Cricket World Cup: Bangladesh rally to shock England
ICC Cricket World Cup 2011 Group B, Chittagong: Bangladesh 227-8 (49 overs) beat England 225 (49.4 overs) by two wickets Match scorecard
Highlights: England errors aid shock Bangladesh win
By Oliver Brett
Bangladesh weathered a batting collapse to pull off a shock World Cup win, inflicting a second defeat on England.
England hit a modest 225 in Chittagong but looked on course to defend it after taking five wickets for 14 runs between the 30th and 40th over.
But a heroic ninth-wicket stand between Shafiul Islam and Mahmudullah turned the tables on Andrew Strauss's men.
The pair put on 58 from 56 balls for a remarkable two-wicket win that was sealed with six deliveries remaining.
The result keeps Bangladesh alive in the tournament and means that - even if England beat West Indies in Chennai next Thursday - they will have to rely on other results going in their favour to progress into the quarter-finals.
For that game, England will surely play more than the one spinner they did in this match against Bangladesh. If so, James Tredwell could make his World Cup debut under huge pressure.
Bangladesh, their startling batting collapse notwithstanding, were good value for a victory that helps to ease their memories of being bowled out for only 58 by West Indies in their previous match in Mirpur.
Shakib Al Hasan's Bangladesh were good value in the field
The job for England's bowlers was made tougher by the dew which descended as soon as the floodlights came on at the start of the Bangladesh chase.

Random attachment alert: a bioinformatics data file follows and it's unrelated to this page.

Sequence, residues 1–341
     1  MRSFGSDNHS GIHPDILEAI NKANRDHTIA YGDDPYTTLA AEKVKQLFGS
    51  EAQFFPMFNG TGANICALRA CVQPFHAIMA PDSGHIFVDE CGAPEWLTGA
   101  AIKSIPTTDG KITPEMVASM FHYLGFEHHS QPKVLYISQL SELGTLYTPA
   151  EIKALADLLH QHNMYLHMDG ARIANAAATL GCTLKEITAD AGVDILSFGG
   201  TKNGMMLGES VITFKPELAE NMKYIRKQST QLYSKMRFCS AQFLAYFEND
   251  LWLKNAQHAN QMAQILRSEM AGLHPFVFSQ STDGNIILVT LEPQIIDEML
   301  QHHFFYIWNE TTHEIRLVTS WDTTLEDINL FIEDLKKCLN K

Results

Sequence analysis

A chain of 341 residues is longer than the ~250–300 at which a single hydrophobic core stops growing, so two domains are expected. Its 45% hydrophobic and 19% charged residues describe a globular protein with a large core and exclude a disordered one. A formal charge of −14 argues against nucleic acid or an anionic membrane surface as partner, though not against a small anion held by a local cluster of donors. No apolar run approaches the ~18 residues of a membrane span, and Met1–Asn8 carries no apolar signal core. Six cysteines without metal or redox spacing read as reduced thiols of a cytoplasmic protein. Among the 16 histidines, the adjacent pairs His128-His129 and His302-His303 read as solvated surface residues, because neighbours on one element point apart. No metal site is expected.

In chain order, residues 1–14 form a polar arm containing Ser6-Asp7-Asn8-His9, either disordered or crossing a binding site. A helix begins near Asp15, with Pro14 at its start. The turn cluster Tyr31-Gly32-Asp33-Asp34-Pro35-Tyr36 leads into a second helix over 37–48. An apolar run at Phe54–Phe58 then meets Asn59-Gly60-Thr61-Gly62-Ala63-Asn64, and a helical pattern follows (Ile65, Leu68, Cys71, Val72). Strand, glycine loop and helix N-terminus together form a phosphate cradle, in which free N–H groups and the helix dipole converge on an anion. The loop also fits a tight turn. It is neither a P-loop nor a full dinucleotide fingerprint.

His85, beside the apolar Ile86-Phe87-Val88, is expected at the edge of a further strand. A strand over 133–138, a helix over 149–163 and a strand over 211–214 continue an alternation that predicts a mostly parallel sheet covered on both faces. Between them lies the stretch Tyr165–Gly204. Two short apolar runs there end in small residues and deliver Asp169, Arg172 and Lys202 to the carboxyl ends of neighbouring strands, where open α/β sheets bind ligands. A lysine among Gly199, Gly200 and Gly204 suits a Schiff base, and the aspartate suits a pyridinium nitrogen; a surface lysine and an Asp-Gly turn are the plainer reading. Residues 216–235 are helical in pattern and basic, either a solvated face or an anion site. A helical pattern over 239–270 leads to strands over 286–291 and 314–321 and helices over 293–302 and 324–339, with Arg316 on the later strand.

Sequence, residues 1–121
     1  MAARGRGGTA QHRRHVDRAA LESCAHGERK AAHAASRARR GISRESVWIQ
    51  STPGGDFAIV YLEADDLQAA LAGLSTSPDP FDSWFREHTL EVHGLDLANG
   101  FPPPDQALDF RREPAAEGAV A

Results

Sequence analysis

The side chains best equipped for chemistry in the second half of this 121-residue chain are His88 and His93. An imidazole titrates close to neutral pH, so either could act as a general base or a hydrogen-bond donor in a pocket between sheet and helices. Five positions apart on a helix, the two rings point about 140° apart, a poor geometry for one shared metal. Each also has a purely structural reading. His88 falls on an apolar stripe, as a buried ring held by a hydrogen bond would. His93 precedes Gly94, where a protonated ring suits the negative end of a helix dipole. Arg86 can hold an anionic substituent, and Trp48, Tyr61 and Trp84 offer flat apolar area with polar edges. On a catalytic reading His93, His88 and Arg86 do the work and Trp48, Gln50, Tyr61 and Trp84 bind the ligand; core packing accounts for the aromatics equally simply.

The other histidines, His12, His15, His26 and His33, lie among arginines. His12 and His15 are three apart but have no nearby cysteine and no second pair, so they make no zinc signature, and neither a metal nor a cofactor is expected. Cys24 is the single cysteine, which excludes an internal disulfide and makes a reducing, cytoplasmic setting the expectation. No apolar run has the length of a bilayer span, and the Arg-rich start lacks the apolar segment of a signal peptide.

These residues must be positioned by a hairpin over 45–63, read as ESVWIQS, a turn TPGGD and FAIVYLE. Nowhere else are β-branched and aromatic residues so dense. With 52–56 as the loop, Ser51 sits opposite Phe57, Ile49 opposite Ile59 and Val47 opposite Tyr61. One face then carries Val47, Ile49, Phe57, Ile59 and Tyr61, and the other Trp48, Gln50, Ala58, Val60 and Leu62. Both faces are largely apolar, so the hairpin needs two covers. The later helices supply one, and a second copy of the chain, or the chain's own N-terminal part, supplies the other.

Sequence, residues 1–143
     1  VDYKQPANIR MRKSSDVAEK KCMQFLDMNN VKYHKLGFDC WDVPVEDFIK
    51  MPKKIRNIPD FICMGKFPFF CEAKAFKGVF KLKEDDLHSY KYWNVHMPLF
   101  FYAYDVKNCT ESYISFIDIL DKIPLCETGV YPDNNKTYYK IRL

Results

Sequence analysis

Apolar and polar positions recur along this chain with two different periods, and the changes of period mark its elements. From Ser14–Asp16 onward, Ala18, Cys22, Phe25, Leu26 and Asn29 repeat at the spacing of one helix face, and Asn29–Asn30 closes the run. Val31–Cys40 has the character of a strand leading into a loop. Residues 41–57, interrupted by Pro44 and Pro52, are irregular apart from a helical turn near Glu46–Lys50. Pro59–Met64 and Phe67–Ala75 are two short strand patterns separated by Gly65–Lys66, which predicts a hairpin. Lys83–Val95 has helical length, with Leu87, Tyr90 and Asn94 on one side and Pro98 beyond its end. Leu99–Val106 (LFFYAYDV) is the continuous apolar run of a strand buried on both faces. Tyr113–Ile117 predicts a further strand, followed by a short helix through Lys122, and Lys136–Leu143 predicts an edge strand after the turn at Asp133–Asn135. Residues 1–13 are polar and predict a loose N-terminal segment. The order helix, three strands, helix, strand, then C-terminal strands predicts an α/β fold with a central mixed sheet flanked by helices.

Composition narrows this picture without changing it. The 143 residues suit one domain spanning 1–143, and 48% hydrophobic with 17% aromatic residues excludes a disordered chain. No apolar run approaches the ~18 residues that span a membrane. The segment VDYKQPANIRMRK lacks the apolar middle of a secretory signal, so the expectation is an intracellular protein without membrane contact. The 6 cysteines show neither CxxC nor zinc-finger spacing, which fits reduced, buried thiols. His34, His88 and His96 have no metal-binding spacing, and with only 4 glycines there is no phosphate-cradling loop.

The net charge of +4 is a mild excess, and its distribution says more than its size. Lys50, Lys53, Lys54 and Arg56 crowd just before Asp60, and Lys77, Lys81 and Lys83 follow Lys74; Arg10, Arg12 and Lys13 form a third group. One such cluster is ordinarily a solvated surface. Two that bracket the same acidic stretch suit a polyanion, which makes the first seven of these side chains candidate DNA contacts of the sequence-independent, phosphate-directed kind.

The first ball was replaced before the mandatory 34-over change and only when England were on to their third ball had they discovered a way to keep it dry enough to establish some control.
However one constant disappointment was James Anderson, whose nine wicketless overs cost 54 runs and he was the worst culprit as collectively England conceded a shocking 23 runs in wides.
At one point Graeme Swann, the only spinner selected by England, visibly lost his cool, pleading for some assistance from Darryl Harper when appeals and various pleas for replacement balls were rejected.
Unlike in their defeat by Ireland, England did not lose the match because one player on the opposition took a difficult chase by the scruff of the neck.
This time - save for the period in which they were rattling their way through the Bangladesh middle and lower order - they looked an unfocused rabble for the majority of the match.
Things started badly with the bat after they had been inserted by the Bangladesh captain Shakib Al Hasan.
Matt Prior's already chequered one-day international career hit a new low when, having been called on to open the batting, he was stumped in bizarre and avoidable circumstances by Mushfiqur Rahim.
England have had enough - Agnew
As Prior absent-mindedly dragged his foot out of his crease, the Bangladesh wicketkeeper gleefully whipped off the bails, only for Prior to leave his crease once again - whereupon Rahim removed the stump and held a ball to it to make absolutely certain.
Prior's repeated failures make the selectors' removal of Steve Davies from the side after only one match of the series in Australia look ever more curious.
Strauss joined Prior back in the pavilion when cutting the off-spinner Naeem Islam to slip, and Ian Bell showed his shortcomings in such conditions on slow, low wickets. Having been rendered virtually runless, he tamely chipped a catch to midwicket.